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BJ Penn On Renewed Motivation, The Ten Point Must System And Fighting Vs. Grappling

Former UFC Lightweight and Welterweight Champion BJ “The Prodigy” Penn recently appeared on UFC ring announcer Bruce Buffer’s It’s Time! radio program on the Sherdog Radio Network where he discussed a number of subjects including his newfound approach to fighting, the ten point must scoring system in MMA, and grappling’s role in mixed martial arts.

Penn recently lost his belt to Frankie “The Answer” Edgar in a razor-thin fight at UFC 112 this past April. “The Prodigy” told Buffer that he took time to analyze himself and his mental approach to fighting after that bout and that he has adopted a new approach to preparing himself to fight as a result.

“I did a lot of analyzing (following the loss to Edgar), but it wasn’t analyzing the fight per se,” said Penn. “It was about analyzing myself and my life. I’m going to give away one of my secrets because I’m so pumped for this fight, but I’ve started training a lot different than what I used to. Your mind, body and spirit are all one-third of your whole self. The physical side is one-third and that’s not even half of the game. I used to put everything on the physical side and now I’m doing a lot with my mind and my spirit and now they’re all equal. They’re all one-third of the trinity and I believe that this is it.”

The Hilo, Hawaii native also told Buffer that he has a newfound belief in his abilities as well, and that he sees himself going on an unprecedented run in the UFC.

“I believe I’m going to go on a run,” said Penn. “I don’t want to speak too soon because I have a fight coming up Saturday, but I really think I can go out and do those things I talked about when I was a young, cocky kid a few years ago.”

Departing from his spiritual growth, Penn touched on the currently employed ten point must scoring system in MMA. The Brazilian jiu-jitsu black belt described the system as inadequate for mixed martial arts competition.

“My problem with the scoring system is that you can go out and win the first round by 50 points and lose the second round by two points on a takedown or something and it’s an even fight going to the third round,” said Penn. “That’s a joke. On another note, what good does a takedown do if I take down Demian Maia? How many points do I get if I mount on James Toney? It’s just ridiculous. I don’t think positions should be any points. The only things that should count as points are power punches and legitimate submission attempts. Add them up at the end of the fight and whoever has the most points or did the most damage wins. That’s how it should be. That 10-9 system doesn’t work.”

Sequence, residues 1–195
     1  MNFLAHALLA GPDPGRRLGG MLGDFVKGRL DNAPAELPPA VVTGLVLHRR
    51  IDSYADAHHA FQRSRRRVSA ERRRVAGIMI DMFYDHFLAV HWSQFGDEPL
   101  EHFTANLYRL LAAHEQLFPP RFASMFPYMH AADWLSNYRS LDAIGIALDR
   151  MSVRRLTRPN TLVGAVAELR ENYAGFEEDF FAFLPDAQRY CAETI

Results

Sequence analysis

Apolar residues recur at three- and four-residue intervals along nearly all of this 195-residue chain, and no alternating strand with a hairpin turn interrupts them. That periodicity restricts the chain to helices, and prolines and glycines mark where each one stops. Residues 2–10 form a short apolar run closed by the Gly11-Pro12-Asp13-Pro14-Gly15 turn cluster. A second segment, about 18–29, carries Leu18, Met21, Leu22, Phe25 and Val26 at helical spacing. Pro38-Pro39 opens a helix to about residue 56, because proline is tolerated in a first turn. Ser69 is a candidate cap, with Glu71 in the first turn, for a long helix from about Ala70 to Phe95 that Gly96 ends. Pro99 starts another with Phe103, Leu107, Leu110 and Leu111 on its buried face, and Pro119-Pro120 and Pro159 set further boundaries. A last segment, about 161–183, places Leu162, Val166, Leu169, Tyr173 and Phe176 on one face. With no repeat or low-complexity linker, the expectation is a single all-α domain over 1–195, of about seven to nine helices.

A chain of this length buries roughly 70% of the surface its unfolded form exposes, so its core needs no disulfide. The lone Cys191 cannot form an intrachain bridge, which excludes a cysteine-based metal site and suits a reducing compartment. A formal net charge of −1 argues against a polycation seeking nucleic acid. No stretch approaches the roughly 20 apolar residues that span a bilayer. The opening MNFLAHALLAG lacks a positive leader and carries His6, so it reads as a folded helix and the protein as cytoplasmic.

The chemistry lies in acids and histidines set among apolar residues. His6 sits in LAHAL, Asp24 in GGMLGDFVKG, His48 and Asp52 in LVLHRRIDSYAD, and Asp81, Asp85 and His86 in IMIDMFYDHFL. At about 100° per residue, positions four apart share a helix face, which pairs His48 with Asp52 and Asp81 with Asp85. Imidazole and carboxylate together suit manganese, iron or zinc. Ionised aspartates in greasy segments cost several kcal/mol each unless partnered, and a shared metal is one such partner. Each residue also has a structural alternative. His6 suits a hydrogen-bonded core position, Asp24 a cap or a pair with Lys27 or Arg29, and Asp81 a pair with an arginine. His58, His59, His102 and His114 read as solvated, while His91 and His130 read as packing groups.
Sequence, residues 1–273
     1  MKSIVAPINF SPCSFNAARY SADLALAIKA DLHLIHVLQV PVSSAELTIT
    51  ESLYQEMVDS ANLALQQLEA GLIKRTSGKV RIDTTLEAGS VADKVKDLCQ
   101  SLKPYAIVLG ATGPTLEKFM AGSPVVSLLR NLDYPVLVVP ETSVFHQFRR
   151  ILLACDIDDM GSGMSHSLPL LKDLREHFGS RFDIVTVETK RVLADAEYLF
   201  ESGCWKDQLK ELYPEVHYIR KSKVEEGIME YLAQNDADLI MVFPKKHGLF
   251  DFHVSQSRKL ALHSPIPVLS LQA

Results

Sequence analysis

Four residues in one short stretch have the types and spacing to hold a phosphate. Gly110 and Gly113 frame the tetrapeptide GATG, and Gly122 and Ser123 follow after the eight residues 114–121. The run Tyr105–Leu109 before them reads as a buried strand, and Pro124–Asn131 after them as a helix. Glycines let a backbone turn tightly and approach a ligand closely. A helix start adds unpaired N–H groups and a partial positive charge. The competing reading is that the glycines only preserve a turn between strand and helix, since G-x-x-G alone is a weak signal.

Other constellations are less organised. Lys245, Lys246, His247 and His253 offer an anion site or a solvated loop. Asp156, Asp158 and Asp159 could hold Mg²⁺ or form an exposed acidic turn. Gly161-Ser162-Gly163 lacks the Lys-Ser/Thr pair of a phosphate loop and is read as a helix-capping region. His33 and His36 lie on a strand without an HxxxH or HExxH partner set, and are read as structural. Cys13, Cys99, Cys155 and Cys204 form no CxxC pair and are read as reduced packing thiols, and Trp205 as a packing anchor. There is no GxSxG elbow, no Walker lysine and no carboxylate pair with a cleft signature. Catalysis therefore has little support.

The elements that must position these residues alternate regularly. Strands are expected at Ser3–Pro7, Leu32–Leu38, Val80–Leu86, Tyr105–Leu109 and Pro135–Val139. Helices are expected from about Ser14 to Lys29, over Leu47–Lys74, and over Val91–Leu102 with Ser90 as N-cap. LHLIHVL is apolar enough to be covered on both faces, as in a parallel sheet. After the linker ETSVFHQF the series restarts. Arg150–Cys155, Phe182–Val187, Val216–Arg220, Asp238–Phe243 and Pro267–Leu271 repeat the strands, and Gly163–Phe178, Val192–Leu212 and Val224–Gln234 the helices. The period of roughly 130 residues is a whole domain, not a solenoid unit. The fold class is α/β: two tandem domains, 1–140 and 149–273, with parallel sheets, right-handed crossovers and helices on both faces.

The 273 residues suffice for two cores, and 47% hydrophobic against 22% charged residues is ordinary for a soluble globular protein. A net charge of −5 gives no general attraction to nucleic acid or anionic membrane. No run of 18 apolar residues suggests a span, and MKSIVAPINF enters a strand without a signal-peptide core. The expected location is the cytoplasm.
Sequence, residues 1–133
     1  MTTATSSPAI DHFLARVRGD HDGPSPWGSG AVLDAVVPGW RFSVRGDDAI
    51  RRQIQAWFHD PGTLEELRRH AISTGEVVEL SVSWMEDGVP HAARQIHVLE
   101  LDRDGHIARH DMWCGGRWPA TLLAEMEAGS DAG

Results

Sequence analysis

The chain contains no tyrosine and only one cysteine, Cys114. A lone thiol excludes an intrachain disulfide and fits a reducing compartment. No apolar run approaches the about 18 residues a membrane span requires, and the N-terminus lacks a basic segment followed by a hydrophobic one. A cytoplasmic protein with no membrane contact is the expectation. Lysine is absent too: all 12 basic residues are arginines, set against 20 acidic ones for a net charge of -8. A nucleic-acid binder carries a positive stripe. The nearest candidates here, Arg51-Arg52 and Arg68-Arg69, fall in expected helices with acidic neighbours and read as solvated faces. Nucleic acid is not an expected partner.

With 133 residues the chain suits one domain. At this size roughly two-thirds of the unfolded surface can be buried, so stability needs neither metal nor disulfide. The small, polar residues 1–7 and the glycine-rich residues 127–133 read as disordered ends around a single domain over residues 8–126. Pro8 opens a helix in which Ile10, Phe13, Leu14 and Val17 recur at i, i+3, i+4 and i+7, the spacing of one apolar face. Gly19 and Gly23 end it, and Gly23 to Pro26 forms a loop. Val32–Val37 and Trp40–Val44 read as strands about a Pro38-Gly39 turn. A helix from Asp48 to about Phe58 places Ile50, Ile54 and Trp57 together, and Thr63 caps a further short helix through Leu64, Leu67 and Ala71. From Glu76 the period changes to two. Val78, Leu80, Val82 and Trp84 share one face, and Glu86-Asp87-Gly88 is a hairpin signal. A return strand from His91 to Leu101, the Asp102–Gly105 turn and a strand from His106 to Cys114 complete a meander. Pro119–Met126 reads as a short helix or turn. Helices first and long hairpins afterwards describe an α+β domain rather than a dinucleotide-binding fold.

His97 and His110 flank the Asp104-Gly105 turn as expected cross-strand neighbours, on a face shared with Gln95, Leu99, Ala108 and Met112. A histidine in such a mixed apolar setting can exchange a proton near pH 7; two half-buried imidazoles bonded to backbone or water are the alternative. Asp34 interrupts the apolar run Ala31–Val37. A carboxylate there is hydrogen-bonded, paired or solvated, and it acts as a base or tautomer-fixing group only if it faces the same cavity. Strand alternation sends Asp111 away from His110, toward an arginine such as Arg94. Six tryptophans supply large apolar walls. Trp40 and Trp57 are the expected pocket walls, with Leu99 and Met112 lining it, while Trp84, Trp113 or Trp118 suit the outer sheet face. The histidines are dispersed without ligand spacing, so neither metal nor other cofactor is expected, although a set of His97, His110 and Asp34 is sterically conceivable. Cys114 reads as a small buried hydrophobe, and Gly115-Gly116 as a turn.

Penn continued on about judging criteria in MMA and he again bashed fighters who are looking only to win on points as well as the system that creates them.

“I’m a jiu-jitsu world champion and I’m saying these things (about changes in judging criteria),” said Penn. “I don’t think people should get grappling points for a takedown or mounting someone or getting their back. Who cares if I mount someone or have their back for four minutes if he gets out or I didn’t do anything to him? It’s the Ultimate Fighting Championship, not the Ultimate Grappling Championship. What happens when people fight? Someone gets hurt. You have fights now where nobody gets hurt and it’s like what the hell are we watching? And these coaches, because there’s money involved, convince these fighters to compete this way and it’s crazy. That’s another reason why I’m so pumped to get in there. I just want to show everybody what a fight looks like.”

Penn has achieved pinnacles of greatness in MMA that most fighters can only aspire to reach, he has also suffered devastating losses. “The Prodigy” told Buffer that he has been down before but that he is no longer looking for the end of his career, that he is now seeking to fight anyone and everyone he can, no matter the weight class or their position in it; that he is looking to achieve levels greatness never to be matched.

“I know I’ve contemplated retirement a lot in my career, but I want to fight every month now, if I can,” said Penn. “I’ll fight everyone from the No. 1 contender at 155 to the No. 10 contender at 155. If they run out of contenders at 155, I’ll fight anybody in the welterweight division. If I could fight six times a year for the next three years, that would be 18 fights. God willing I can do that, then let’s do that. If I can do more, let me do more.”

Penn will look to get back on the road to greatness this Saturday when he attempts to reclaim the UFC Lightweight Championship from Frankie “The Answer” Edgar at UFC 118, broadcasting live via pay-per-view from the TD Garden in Boston, Massachusetts.